Buyback is a corporate action in which a company buys back its shares from the existing shareholders usually at a price higher than market price.
Warren Buffett alluded to the share buybacks in his 1984 letter to shareholders: “When companies with outstanding businesses and comfortable financial positions find their shares selling far
below their intrinsic value in the marketplace, no alternative action can benefit shareholders as surely as repurchases.”
While a share buyback does not impact a company’s business, there is a financial impact to the extent that the cash and the number of shares in its books reduce. As a result, the EPS (earnings per share) goes up. Since buyback reduces outstanding shares, it boosts earnings per share and, therefore, the share price. In tender offer, the company makes an offer to buy a certain number of shares at a specific price directly from shareholders.
Buybacks improve return ratios of companies as they shrink the equity capital base and improve earnings per share.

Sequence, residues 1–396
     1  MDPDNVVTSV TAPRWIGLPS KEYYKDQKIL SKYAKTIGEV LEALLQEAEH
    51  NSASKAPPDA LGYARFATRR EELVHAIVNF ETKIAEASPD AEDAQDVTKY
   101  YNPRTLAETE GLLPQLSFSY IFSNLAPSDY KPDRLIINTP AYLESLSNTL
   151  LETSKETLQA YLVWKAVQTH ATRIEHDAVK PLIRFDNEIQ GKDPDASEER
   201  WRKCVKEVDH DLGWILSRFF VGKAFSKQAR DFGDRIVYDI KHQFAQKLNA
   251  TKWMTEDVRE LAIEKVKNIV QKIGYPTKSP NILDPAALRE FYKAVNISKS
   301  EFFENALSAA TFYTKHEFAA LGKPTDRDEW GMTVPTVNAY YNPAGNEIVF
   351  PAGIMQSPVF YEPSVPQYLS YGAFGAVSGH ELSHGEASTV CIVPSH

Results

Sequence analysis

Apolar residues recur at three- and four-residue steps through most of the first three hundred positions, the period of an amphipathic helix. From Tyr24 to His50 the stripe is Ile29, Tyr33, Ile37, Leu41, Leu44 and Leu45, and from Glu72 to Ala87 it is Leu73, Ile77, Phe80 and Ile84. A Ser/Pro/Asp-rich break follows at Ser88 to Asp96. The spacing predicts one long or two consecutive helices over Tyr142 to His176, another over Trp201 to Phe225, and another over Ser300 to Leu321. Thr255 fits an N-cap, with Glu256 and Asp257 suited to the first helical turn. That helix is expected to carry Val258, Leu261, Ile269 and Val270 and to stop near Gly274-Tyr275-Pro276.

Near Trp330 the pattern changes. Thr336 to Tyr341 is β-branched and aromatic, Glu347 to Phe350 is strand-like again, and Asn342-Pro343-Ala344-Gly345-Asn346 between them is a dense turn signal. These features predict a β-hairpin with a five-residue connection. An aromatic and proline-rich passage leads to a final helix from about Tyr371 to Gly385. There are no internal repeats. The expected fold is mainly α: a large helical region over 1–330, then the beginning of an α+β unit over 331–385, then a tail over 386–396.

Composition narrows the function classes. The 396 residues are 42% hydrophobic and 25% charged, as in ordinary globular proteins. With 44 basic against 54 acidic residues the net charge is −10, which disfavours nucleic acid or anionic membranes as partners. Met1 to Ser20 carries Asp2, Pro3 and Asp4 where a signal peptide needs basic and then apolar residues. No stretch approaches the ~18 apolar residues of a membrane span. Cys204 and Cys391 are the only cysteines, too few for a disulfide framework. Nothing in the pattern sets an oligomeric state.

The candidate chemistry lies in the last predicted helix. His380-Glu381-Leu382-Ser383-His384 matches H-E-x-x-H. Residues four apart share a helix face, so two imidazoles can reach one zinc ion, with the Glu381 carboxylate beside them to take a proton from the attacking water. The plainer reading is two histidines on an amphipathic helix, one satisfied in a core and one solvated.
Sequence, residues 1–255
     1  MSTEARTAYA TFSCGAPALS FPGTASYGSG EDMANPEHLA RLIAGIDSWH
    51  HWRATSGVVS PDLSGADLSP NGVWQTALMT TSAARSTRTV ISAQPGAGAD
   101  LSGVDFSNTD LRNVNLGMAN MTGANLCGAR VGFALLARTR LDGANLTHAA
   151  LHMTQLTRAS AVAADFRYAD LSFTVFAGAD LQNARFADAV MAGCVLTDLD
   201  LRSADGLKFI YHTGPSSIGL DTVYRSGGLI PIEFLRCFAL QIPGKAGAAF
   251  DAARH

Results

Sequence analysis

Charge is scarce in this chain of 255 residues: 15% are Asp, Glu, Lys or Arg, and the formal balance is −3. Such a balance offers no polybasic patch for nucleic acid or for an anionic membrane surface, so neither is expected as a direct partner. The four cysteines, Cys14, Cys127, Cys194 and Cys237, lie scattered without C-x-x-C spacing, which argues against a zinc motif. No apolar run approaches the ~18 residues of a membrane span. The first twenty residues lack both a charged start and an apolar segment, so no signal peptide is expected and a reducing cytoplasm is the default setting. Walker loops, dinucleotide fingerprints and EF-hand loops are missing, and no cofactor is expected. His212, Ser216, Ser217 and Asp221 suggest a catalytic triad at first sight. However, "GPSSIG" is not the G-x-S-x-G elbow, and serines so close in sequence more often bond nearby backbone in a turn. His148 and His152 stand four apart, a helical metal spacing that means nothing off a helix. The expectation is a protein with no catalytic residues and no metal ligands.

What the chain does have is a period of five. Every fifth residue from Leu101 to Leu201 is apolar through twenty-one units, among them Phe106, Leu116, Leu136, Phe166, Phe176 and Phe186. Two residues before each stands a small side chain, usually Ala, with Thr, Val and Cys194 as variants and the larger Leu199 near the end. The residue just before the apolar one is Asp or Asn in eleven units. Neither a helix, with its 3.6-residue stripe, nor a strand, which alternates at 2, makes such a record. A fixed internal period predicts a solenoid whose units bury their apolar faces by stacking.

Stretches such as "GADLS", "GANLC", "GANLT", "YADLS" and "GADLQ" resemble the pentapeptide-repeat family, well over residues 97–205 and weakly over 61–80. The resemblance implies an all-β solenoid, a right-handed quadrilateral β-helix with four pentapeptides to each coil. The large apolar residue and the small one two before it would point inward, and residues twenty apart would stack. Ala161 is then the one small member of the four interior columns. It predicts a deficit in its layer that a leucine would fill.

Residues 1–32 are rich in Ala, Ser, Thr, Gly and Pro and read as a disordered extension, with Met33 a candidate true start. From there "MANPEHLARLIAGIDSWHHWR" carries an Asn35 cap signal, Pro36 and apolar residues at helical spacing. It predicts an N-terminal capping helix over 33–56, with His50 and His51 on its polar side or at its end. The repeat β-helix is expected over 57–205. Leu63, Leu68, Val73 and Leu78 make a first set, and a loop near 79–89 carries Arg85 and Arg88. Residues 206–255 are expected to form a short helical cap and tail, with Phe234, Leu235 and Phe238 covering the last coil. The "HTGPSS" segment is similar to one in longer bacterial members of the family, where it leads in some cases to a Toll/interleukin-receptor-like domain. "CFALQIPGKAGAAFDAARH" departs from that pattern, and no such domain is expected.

Berkshire Hathaway has not paid dividends since 1960, but it maintains an aggressive stock buyback policy that puts cash directly into shareholders’ pockets. Berkshire shareholders often receive as much as 120% of the market value for shares they wish to sell back to the company.
In India also, buybacks are becoming attractive for companies. Considering the three levels of taxation — corporate tax, dividend distribution tax by companies, and 10% tax on dividend in excess of Rs 10 lakh in the hands of the recipients :Companies are likely to cut down on dividend distribution and opt for share buybacks as it is more efficient way of use of money.
A buyback has another effect if the shares are not valued correctly. If the company is worth 100 per share but for some reason the share price is down to 50, then after the buyback the value per share has even gone up. Basically the company buys from stupid investors, which increases the value for clever investors holding on to their shares.
All in all, to summarize, keep eye on companies who are on continuous buy back spree… You may probably get your next multibagger out of it…